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Corpun file 24953 at www.corpun.com
Casper Star-Tribune, Wyoming, 18 November 2013
Wyoming schools can paddle students, but don't
By Aerin Curtis
CHEYENNE -- Wyoming is one of 19 states nationwide that allow schools to paddle students.
But it doesn't appear that many in the state use the practice, according to corporal punishment data collected by the U.S. Department of Education and the Center for Effective Discipline.
"It's not even a discussion," Laramie County School District 1 assistant superintendent of instruction Tracey Kinney said. "It seems antiquated as a disciplinary measure in schools, so I don't hear it discussed."
According to data gathered by the Office of Civil Rights and the U.S. Department of Education, no Wyoming students were paddled in 2006, the last time statewide data was released. Nationally, there were 223,190 students disciplined that way that year.
Since the turn of the century, the largest number of students in Wyoming to experience corporal punishment in a school was eight in 2000.
Nationally, there were 342,038 students paddled that year.
The practice of corporal punishment, or paddling, isn't specifically mentioned in school handbooks or discipline policies in either LCSD1 or LCSD2. But both districts do give examples of what punishments might be used if students misbehave.
LCSD1 rewrote its policies last year, creating the district's elementary progressive discipline matrix and the secondary discipline matrix.
"We don't exercise corporal punishment," Kinney said.
At the elementary level, responses to misbehavior include having to miss recess, talking with the principal or suspension. The response depends on the level of the behavior, according to the matrix.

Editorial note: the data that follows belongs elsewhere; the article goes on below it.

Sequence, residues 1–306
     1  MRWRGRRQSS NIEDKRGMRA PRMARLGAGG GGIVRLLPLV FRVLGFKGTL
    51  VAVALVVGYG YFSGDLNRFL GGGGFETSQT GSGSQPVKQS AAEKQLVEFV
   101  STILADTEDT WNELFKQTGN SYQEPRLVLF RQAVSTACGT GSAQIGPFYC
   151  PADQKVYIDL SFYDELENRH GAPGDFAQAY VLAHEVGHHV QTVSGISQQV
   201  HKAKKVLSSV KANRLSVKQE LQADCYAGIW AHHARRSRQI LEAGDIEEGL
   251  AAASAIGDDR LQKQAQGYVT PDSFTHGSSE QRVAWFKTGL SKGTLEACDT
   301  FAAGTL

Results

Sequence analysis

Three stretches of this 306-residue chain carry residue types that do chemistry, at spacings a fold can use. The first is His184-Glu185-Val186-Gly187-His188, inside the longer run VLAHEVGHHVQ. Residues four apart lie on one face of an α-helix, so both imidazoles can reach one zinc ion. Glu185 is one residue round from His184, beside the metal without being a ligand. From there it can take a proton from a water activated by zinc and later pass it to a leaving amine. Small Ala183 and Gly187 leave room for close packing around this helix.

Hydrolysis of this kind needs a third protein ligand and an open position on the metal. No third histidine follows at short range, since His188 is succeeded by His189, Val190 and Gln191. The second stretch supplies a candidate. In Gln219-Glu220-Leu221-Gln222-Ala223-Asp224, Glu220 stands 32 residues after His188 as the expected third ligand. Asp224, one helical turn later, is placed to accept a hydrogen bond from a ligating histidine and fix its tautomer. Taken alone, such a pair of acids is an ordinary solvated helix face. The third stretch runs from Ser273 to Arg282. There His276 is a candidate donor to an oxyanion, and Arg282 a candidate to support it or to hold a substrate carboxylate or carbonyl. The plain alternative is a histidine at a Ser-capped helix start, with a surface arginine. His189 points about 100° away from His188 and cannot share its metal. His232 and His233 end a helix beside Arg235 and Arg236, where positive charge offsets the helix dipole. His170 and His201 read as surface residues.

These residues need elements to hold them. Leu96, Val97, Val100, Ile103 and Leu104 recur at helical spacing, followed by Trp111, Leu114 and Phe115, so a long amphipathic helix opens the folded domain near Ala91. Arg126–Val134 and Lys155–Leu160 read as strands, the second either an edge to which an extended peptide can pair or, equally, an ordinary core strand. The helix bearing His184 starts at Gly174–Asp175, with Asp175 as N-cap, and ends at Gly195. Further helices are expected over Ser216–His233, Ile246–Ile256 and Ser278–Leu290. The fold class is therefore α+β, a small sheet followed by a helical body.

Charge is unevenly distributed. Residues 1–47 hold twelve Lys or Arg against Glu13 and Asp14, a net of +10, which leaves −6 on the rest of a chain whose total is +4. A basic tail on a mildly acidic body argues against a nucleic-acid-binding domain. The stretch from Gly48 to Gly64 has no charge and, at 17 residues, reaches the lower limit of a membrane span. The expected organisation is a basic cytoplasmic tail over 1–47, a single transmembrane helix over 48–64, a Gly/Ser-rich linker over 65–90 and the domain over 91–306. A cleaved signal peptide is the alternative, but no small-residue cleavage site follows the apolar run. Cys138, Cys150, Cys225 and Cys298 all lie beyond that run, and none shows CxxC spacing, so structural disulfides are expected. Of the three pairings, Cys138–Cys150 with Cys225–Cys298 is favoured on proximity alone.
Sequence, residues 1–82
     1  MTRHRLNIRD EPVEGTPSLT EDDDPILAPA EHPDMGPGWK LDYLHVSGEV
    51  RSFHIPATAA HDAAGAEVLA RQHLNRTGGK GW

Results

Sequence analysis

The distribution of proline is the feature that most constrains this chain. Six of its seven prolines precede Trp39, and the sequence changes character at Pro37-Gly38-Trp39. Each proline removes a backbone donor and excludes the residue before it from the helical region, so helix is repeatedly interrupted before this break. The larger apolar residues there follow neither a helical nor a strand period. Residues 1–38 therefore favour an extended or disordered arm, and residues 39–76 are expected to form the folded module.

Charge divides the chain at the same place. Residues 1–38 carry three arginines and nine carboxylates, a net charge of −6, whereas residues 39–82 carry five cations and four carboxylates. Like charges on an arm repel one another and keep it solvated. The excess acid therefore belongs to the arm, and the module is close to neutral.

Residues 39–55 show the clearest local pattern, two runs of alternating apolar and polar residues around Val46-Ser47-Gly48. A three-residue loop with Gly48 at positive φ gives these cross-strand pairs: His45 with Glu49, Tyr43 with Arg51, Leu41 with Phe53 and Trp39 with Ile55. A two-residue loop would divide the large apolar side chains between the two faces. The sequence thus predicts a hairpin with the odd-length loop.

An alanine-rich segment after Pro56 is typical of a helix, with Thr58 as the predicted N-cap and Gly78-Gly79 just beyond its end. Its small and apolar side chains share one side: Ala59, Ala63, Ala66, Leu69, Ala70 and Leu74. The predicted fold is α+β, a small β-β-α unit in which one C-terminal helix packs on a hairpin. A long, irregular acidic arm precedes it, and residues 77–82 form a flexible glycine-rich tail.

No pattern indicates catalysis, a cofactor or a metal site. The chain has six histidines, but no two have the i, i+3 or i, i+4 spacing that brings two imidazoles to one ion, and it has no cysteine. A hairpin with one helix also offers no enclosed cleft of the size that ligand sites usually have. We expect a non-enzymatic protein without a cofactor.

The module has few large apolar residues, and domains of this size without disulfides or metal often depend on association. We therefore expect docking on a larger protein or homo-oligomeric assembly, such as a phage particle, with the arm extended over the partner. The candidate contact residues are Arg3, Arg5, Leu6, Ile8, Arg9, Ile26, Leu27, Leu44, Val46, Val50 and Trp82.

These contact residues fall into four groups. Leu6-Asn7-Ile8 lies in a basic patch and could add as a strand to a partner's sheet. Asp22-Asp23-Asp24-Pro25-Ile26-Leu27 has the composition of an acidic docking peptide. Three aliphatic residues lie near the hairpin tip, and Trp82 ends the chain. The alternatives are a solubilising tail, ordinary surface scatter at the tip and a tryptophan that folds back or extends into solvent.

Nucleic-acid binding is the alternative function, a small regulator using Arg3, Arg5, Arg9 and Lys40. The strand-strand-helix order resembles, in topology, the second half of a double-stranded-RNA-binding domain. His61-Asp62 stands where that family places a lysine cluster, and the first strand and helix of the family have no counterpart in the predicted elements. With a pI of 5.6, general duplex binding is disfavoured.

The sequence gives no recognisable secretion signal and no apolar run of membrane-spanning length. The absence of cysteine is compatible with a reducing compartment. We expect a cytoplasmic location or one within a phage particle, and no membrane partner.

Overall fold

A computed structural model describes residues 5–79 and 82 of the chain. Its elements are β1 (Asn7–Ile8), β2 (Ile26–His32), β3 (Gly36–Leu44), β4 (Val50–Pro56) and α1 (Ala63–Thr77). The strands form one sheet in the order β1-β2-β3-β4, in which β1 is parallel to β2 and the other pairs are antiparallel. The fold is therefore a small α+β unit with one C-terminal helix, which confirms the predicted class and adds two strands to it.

"(Paddling) seems kind of counterintuitive, especially if you have a youngster being physically aggressive with another student," Kinney said.
For older students, punishments include things like a warning, community service, loss of privileges, in- or out-of-school suspension and expulsion, according to the matrix.
In LCSD2, school handbooks point to discipline responses like students being sent out of class, suspended and expelled.
State statute says that teachers and administrators will be "immune from civil and criminal liability in the exercise of reasonable corporal discipline." But it also has to be authorized by a district's policy.
LCSD1 Board of Trustees Chairman Brian Farmer said the topic hasn't been a discussion since he's been on the board.
It also hasn't been a recent topic in LCSD2, Board of Trustees Chairwoman Esther Davison said.
"I've been on the school board for five years, and there's never been a discussion," she said.
Prior to being on the board, she was a teacher in the district for 21 years, she said. It wasn't a topic during that time.
"I don't think we've ever touched a kid. I don't think that's done," LCSD2 Superintendent Jack Cozort said. "I just don't see most districts doing things of that sort anymore."
Corpun file 25087 at www.corpun.com
Florida Times-Union, Jacksonville, 24 November 2013
Corporal punishment persists in Florida schools
Educators, parents don't always agree about it
By Denise Smith Amos
Paddling in schools has been declining for years across the country and across Florida. But in North Florida it maintains a fast foothold in 20 public school districts and in uncounted private schools.
In 1988, one of the last years all Florida school districts allowed in-school spanking, 84,495 kids were physically punished in public schools. Just 20 years later, in 2008, only 4,869 students were struck in 30 of Florida's 67 school districts.
That number has fallen even more, to 2,996 kids in 2012,
according to recent Florida Department of Education figures. Most
of those paddlings were at schools in North Florida.
Without Jones' knowledge, a male staffer hit her son twice
with a wooden paddle. The boy cried later, complaining he was too
sore to sit. Two days later, because he was still in pain, Jones
took him to Memorial Hospital, where an emergency-room doctor
noted a 6-inch-long, 3-inch-wide bruise on his butt shaped like a
No longer the norm
Schools and educators have found many non-physical ways to
discipline kids. Corporal punishment is no longer the norm in
most of the nation's schools.
Now 31 states ban all corporal punishment in public schools.
Two states, New Jersey and Iowa, also ban it in private schools.
Proponents of paddling say large school districts often
struggle with student behavior and unflattering test scores and